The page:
Obama on China's Currency Manipulation: 'Enough is Enough'

'When it comes to their economic practices, there are a range of things that they have done that disadvantage not just the United States but a whole host of their trading partners and countries in the region.'

President Obama on Sunday displayed increasing frustration over China's currency, saying Beijing has not done enough to allow the yuan to reach a fair-market level.

"The United States and other countries, I think understandably, feel that enough is enough," said Obama, after an Asia-Pacific Economic Cooperation summit that witnessed a toughening of the U.S. line toward Beijing.

"I want certainly to continue cultivating a constructive relationship with the Chinese government," he said, after complaining that the level of the yuan gave an unfair advantage to Chinese exporters.

"We're going to continue to be firm in insisting that they operate by the same rules that everybody else operates under. We don't want them taking advantage of the United States or U.S. businesses," Obama said.

"When it comes to their economic practices, there are a range of things that they have done that disadvantage not just the United States but a whole host of their trading partners and countries in the region."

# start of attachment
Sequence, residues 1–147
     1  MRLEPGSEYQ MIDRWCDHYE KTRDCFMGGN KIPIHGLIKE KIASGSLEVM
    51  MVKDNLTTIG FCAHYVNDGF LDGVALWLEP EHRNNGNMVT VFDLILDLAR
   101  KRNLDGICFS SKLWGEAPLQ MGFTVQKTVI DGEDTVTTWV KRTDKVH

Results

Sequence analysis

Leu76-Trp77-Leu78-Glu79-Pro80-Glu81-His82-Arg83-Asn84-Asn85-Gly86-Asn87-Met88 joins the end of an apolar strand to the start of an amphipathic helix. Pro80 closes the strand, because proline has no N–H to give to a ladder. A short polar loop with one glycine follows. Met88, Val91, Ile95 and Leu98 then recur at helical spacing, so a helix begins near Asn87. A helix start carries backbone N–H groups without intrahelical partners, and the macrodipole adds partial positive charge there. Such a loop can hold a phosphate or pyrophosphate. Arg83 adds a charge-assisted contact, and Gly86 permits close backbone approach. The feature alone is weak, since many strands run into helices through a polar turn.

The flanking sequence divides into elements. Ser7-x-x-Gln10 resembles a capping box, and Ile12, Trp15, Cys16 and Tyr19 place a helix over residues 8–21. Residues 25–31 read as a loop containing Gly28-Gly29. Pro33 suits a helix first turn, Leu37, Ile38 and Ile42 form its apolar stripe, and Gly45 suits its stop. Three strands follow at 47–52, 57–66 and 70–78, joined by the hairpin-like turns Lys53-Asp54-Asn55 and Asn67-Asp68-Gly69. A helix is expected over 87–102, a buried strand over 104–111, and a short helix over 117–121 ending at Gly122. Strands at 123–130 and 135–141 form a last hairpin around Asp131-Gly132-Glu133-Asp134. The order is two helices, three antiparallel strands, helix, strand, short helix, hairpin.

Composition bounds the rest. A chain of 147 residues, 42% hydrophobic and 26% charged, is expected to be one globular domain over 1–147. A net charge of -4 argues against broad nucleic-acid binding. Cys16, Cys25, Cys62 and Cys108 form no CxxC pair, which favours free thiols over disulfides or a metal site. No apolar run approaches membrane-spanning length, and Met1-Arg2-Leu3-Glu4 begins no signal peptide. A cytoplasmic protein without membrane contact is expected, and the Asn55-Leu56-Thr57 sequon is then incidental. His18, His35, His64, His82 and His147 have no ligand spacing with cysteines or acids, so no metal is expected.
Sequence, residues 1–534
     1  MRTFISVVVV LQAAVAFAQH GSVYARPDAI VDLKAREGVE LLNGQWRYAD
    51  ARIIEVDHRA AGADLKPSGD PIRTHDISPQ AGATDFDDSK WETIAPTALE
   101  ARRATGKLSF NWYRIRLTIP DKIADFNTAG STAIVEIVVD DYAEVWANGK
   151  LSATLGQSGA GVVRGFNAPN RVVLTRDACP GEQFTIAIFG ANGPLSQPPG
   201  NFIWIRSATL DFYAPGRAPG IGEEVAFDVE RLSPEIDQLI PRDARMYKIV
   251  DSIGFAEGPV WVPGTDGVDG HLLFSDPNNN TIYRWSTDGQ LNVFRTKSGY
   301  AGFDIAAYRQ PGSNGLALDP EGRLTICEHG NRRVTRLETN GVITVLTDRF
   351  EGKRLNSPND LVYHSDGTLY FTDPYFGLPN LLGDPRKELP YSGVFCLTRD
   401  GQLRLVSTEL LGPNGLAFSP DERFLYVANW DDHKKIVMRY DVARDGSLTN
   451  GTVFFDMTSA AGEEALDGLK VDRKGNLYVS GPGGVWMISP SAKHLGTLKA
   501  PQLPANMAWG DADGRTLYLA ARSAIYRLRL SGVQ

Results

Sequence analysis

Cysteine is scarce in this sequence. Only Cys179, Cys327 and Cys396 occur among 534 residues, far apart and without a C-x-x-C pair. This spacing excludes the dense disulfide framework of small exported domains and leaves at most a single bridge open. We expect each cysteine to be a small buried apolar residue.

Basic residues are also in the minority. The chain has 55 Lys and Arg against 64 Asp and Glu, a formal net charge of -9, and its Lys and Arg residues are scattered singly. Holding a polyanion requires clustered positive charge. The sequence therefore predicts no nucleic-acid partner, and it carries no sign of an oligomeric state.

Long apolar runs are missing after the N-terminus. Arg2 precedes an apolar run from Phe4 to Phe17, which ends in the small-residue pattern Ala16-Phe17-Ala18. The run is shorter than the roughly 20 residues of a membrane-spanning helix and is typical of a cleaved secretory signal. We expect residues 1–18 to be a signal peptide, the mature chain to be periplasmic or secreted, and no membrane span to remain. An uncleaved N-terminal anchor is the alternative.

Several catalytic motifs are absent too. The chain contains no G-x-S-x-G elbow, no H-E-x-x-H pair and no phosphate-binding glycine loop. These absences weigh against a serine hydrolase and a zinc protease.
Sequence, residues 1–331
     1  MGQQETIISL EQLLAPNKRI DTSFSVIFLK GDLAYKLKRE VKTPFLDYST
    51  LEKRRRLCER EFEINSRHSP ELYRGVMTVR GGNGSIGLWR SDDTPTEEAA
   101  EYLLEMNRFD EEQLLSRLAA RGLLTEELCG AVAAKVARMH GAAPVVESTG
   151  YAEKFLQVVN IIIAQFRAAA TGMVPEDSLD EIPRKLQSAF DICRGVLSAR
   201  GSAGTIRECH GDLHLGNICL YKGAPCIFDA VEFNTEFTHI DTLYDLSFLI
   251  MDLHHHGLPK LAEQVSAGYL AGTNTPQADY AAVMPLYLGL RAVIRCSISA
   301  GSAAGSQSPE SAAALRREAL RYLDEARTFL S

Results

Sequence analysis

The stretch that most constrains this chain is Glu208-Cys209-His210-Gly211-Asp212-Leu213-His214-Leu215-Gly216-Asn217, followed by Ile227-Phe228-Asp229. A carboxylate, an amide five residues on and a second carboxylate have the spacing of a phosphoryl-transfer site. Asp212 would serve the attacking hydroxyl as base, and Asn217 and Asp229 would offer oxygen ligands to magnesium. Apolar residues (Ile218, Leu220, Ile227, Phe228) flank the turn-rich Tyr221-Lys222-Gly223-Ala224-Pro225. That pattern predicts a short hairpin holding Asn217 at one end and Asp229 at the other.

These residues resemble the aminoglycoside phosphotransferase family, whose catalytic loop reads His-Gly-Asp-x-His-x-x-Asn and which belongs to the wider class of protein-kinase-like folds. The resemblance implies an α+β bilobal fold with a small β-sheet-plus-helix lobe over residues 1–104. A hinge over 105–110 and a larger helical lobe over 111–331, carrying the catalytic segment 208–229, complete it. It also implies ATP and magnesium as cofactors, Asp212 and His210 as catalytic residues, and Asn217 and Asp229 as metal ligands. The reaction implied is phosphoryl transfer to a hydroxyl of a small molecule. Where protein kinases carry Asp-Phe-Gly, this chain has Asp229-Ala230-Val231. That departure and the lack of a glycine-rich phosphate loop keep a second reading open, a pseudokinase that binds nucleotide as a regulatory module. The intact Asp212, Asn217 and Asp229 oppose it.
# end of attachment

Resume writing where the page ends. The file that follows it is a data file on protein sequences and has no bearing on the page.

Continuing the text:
Senior U.S. officials told reporters that Obama spoke of the frustration and impatience of the American people with China's economic policy when he met President Hu Jintao in Hawaii on Saturday.

But China fired back, giving its own version of what transpired in the meeting with Obama.

"Even if the yuan rises substantially, it will not solve problems faced by the United States," Hu told Obama, according to an account posted on the foreign ministry website.

Hu said problems such as the U.S. trade deficit and unemployment are not caused by China's exchange rate, which he qualified as "responsible," and added Beijing will continue to steadily push forward currency reforms.

The United States and the European Union have long accused China of keeping its yuan artificially low, fueling a flow of cheap exports that have turned the rising Asian power into the world's manufacturing capital.

"Most economists estimate that the RMB (renmimbi, also known as the yuan) is devalued by 20% to 25%," Obama said. "That means our exports to China are that much more expensive and their imports into the United States are that much cheaper.

"Now there has been slight improvement over the last year, partly because of U.S. pressure, but it hasn't been enough," he said.

But China defends its exchange-rate system, saying it is moving gradually to make the yuan more flexible, but this has failed to silence critics in the United States who argue the Chinese currency is undervalued by about 30%.

The U.S. Senate last month approved a bill to impose punitive taxes on Chinese imports if the yuan is not revalued.

While resisting U.S. pressure, China has gradually allowed a rise in the strength of yuan in part in hopes of keeping in check inflation -- a major concern for a government that fears social instability.

Copyright Agence France-Presse, 2011

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